Καλώς ορίσατε (Welcome)!
We are happy to announce that this summer we will be hosting the 2nd Pelion Summer Lab for Cultural Theory and Experimental Humanities (PSL), an initiative of the Department of History, Archaeology and Social Anthropology and the Laboratory of Social Anthropology of the University of Thessaly. Τhe aim of this 10-day program (June 28-July 8, 2018) is to convene an interdisciplinary group of graduate students, advanced undergraduates, academics and cultural producers from fields such as anthropology, history, arts, political philosophy, gender studies, literary and cultural studies and new media studies for a period of intensive and provocative exchange regarding the pressing problems and questions of our research and our worlds.
Given that the humanities and social sciences are themselves critically at stake in these developments, both as target and launchpad for critique, a fundamental aspect of the summer lab is the reimagining of our habitualized modes of teaching, researching and disseminating knowledge. Thus, we do not see this summer meeting as simply an extension of our normal way of doing things to another time and place. Instead, we envision these days together as an opportunity to experiment and reflect together on how to better develop communities of learning and intellectual exchange outside of established routines and hierarchies. We have to say that PSL 2017 was incredibly inspiring and intense. Among the many takeaways from last year’s experience was the simple fact that it’s always better to take risks with our certainties in situations that are not quite set up for us, than to wait for the so-called ‘right time’. This winter, as we processed last year’s lab and pondered the feedback of our first cohort, we decided that it is imperative to further shake up our methodology: a decision that in part led to our choice of theme this year.
PSL 2018’s Liminal Lives and Para-Sites will address new aspects of an ‘old’ issue. In our digital contemporary, liminality -- as a situation, experience, quality, subjectivity -- keeps expanding, unfolding itself over vast territories. In camps where intense refugee flows set down for indefinite time periods, in refuge and asylum sites where relations of care, kinship, community, confinement/freedom and nature/culture are reassembled, in public squares occupied by unpredictable political crowds and flash mobs, in bodies demonstrating new somatic possibilities and unboxing gender regimes, in hybrid monetary units and deterritorialized fiscal products, in new materialities, relationships, voices and images of self generated by digital machines and algorithmic systems, liminality increasingly claims and defines organic lives, social spaces, technological networks and material artifacts. This year’s summer lab will center on the liminal lives and parasitic/viral networks of the early 21st century through a genealogical perspective, which brings out the constitutive power of experimentation as a way of reshaping the world from early modernity to today.
Indeed, liminality does not just speak to our historical situation, but also to our intellectual, methodological and institutional positionality in a neoliberal university structure, the contemporary ‘knowledge economy’ and an age of digital unschooling and DIY maker culture, affecting how we might work, talk and play. Our intent at PSL 2018 is to move beyond manifestos and nostalgia regarding the ‘crisis’ of the humanities to inhabit and explore a liminal humanities. What more appropriate, then, than to make Frankenstein; Or, The Modern Prometheus (1818), Mary Shelley’s ur-text of monster tech and experimental novel par excellence, one of the touchstones of our investigations. Joining others around the globe this year in celebrating the novel’s bicentennial, we will discuss aspects of experimentation -- both ‘scientific’ and grammatological -- from the threshold of industrial modernity to digital capitalism, in search of revisiting experiment as a robust and productive methodology provoking critical engagement.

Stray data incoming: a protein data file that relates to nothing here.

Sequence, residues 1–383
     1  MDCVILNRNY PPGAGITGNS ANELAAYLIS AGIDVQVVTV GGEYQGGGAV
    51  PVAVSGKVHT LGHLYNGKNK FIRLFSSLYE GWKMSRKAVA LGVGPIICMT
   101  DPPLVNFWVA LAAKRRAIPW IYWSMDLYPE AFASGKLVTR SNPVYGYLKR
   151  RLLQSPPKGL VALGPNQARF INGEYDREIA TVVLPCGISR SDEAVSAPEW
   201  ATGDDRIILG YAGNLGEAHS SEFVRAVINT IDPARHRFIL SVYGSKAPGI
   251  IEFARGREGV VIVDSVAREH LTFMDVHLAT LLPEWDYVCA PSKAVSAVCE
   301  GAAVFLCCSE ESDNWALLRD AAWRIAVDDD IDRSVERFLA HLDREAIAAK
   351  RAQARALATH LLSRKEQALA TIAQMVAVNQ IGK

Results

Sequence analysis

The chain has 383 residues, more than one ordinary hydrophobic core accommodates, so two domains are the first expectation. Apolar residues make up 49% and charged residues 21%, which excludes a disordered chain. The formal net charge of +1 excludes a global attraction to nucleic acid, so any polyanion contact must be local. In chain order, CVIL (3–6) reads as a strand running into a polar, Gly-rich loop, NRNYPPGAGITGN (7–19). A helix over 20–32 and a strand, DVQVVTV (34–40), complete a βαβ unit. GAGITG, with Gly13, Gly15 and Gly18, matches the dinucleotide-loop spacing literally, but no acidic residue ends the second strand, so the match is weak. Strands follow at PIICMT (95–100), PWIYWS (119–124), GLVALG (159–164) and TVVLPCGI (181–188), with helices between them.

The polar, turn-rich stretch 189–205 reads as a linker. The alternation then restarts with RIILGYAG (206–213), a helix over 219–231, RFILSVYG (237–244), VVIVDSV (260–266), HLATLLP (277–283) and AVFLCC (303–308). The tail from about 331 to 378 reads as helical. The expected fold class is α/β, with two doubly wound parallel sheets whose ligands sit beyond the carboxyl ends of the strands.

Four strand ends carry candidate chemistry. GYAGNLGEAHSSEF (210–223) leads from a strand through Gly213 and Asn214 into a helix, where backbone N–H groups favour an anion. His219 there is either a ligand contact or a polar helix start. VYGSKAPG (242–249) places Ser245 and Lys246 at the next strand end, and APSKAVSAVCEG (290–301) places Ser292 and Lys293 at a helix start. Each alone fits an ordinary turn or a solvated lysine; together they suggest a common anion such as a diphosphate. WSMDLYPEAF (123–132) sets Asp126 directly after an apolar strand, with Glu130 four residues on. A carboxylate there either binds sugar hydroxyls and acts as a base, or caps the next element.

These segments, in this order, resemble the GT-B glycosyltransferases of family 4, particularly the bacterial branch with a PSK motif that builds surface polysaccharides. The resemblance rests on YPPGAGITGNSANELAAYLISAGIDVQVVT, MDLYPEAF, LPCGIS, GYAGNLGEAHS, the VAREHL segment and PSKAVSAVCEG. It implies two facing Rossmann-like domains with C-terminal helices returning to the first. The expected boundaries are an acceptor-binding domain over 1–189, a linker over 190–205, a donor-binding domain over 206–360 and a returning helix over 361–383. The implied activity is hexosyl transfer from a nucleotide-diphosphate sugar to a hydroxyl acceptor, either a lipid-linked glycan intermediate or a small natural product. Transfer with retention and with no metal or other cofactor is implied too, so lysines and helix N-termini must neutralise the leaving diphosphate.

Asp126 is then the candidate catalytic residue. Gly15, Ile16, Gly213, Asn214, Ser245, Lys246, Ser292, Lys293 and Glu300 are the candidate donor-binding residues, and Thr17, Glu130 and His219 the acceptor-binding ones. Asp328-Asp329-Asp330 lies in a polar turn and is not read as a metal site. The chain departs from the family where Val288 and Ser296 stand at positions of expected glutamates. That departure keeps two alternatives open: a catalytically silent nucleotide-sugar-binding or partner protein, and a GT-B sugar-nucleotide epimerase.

This year’s summer lab will have us heading up to the top of Mount Pelion, to the cool, leafy mountain perch of Hania (1200m), with its spectacular views over the city of Volos and the Pagasetic Gulf. Just across the mountain ridge, the green slopes, beaches and coves of Aegean Pelion unfurl below. It is no wonder that in this majestic and yet ‘hidden’ setting one of Greece’s first sanatoria was established in the first decade of the 20th century, attracting prominent Greek intellectuals and cultural producers. The evocative ruins of the structures of this complex, a short hike from the site of this year’s PSL, resonate with this year’s theme. Participants and faculty will be lodged at a local hotel (half-board) in Hania, and we will have the 15-acre beech forest “Centaur” Scout Center with campfire circles and tree houses at our disposal for our conversations and explorations.
We believe that meeting and working in this space supports our vision of creating a convivial environment for informative and challenging conversation, productive inquiry and creative production, laying the groundwork for future collaborations.
We look forward to meeting you this summer,
The organizing committee,
Penelope Papailias, Associate Professor of Social Anthropology, Dept. of History, Archaeology and Social Anthropology, University of Thessaly
Mitsos Bilalis, Assistant Professor of History, Dept. of History, Archaeology and Social Anthropology, University of Thessaly
Christina Mitsopoulou, Ph.D., Classical Archaeology, Laboratory Teaching Staff, Dept. of History, Archaeology and Social Anthropology, University of Thessaly
Petros Petridis, Ph.D., Social Anthropology, Lecturer, Dept. of History, Archaeology and Social Anthropology, University of Thessaly
Pantelis Probonas, Ph.D. candidate, Dept. of History, Archaeology and Social Anthropology, University of Thessaly